British Prime Minister Theresa May announced on Tuesday that she would call a snap general election on June 8th, a move that is largely meant to give her government the political mandate it needs to navigate Brexit while keeping the United Kingdom unified and stable.
In a speech explaining the bold move, May pointed to the fact that the UK has not suffered the doom-and-gloom economic misfortunes predicted by many to be a result of Brexit, and has in fact posted record numbers in jobs, economic growth, and consumer confidence.
“We have also delivered on the mandate we were handed by the referendum result, Britain is leaving the EU and there can be no turning back,” she continued. “And as we look to the future, the government has the right plan for negotiating our new relationship with Europe. We want a deep and special partnership between a strong and successful EU and a UK that is free to chart its own way in the world.”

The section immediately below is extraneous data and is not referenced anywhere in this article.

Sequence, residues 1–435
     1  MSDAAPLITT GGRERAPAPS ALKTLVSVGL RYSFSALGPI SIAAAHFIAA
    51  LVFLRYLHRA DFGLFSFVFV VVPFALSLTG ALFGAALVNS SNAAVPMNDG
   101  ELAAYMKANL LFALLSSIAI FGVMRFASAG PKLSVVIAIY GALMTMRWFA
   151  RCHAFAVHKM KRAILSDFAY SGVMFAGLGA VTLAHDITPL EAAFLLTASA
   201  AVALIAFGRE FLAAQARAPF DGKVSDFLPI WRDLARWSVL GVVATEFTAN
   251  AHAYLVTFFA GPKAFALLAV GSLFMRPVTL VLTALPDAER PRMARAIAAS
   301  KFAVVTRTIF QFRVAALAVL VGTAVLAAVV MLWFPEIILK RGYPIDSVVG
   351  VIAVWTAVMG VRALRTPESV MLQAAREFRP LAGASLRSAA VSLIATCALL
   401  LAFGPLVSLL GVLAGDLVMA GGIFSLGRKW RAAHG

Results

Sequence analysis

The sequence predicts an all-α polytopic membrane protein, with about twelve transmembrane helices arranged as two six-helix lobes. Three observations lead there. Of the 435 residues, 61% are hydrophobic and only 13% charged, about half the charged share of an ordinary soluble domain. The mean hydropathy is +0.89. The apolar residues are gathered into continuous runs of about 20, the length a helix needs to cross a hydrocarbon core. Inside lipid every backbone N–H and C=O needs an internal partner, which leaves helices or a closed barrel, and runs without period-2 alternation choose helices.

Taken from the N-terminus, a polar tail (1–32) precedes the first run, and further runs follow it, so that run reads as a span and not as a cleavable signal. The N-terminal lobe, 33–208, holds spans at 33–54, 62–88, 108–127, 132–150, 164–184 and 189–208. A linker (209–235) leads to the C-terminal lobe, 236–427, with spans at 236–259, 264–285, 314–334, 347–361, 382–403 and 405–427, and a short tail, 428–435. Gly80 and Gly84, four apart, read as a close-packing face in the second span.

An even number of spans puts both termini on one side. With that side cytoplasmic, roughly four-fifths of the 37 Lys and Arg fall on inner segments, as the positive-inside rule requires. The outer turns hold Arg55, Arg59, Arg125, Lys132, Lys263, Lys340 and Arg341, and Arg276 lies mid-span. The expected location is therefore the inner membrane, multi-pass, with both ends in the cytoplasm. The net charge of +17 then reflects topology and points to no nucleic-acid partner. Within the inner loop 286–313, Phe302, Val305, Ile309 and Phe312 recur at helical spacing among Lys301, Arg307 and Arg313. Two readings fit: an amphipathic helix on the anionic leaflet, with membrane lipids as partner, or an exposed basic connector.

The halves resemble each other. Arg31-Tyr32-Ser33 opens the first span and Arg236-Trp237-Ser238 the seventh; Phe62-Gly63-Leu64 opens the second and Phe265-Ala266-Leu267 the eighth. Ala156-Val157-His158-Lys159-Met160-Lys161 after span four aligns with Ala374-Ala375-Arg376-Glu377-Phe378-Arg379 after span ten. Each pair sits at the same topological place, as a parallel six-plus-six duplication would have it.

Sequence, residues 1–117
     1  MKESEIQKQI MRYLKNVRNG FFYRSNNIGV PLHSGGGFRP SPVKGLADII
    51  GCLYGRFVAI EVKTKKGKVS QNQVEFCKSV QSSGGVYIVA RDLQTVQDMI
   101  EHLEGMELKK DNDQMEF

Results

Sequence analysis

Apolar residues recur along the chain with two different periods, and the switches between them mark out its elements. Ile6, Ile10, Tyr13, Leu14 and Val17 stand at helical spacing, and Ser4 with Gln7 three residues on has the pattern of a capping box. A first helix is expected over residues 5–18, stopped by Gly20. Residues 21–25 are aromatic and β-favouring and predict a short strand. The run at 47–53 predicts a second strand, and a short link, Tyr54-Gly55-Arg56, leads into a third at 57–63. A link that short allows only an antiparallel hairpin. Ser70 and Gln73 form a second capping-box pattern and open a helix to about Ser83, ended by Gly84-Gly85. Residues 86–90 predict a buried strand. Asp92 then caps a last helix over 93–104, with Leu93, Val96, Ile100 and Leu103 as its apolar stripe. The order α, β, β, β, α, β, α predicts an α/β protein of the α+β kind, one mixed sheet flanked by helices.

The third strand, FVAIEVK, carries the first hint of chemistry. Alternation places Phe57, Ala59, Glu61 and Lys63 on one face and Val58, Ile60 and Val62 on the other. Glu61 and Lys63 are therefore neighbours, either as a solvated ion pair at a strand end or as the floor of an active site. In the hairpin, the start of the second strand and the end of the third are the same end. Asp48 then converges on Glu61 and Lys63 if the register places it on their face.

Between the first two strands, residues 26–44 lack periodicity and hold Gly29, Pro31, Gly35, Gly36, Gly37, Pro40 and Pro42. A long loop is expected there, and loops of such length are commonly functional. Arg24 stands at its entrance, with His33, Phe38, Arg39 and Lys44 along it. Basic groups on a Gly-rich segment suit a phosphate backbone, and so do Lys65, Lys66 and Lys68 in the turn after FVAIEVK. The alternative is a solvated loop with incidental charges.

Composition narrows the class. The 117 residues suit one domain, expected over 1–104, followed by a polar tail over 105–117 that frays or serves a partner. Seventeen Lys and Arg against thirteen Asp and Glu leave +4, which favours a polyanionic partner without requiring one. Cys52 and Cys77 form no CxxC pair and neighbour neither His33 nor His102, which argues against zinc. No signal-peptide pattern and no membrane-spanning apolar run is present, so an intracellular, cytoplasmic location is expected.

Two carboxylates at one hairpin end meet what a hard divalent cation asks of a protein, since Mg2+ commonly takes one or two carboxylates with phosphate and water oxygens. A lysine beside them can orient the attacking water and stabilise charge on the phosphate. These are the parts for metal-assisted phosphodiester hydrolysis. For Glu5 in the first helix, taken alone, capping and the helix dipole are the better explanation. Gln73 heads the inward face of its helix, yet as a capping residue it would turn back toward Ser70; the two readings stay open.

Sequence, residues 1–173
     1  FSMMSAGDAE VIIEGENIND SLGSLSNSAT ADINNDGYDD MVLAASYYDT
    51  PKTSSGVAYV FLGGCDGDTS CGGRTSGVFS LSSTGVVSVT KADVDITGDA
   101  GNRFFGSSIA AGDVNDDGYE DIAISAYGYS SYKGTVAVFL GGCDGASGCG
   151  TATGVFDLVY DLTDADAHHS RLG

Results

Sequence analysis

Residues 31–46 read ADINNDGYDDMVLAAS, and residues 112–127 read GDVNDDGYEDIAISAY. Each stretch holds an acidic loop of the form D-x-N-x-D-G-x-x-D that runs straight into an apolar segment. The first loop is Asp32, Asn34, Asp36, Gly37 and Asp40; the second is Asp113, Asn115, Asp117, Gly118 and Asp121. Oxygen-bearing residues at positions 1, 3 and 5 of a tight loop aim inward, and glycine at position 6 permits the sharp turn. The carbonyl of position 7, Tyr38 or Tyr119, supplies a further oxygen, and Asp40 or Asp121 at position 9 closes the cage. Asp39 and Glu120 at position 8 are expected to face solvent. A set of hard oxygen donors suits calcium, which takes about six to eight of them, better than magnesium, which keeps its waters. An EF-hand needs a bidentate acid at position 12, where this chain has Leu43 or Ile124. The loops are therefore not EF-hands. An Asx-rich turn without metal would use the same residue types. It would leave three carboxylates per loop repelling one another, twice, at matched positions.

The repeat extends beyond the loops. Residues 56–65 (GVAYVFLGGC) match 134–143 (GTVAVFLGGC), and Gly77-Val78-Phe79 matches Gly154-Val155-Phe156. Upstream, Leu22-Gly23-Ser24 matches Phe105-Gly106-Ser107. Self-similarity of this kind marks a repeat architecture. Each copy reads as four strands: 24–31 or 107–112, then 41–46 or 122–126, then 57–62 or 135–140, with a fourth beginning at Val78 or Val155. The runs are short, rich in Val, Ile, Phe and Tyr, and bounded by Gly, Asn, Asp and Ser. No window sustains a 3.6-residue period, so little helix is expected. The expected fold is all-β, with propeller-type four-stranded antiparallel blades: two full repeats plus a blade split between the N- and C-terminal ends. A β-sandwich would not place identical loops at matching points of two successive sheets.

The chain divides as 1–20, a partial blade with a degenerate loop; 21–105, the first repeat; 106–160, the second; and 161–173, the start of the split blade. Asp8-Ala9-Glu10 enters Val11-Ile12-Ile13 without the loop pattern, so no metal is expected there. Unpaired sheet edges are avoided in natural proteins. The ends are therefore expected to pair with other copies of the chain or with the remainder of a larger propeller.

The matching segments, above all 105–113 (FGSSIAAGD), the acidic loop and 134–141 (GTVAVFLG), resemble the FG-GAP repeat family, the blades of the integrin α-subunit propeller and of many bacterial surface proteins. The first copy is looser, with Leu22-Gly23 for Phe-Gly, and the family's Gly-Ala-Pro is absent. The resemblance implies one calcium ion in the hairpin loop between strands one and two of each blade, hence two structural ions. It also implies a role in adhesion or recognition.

In order to do so, May said, the country will need to regain control of its currency, strengthen its borders in the face of a European migrant crisis, and negotiate its own trade deals free of cumbersome EU regulations.
While her vision of a post-EU UK is stable, the political climate in London is not.
“At this moment of enormous national significance, there should be unity here in Westminster, but instead there is division,” she said. “The country is coming together but Westminster is not.”
May pointed at numerous initiatives waged by opposing parties that would exploit numerous legislative loopholes to halt Brexit, claiming that their actions are guided by a belief that May’s party only has a slim majority.
The call for a general election must be passed by a two-thirds majority of the House of Commons, and May plans to put the motion up for a vote on Wednesday.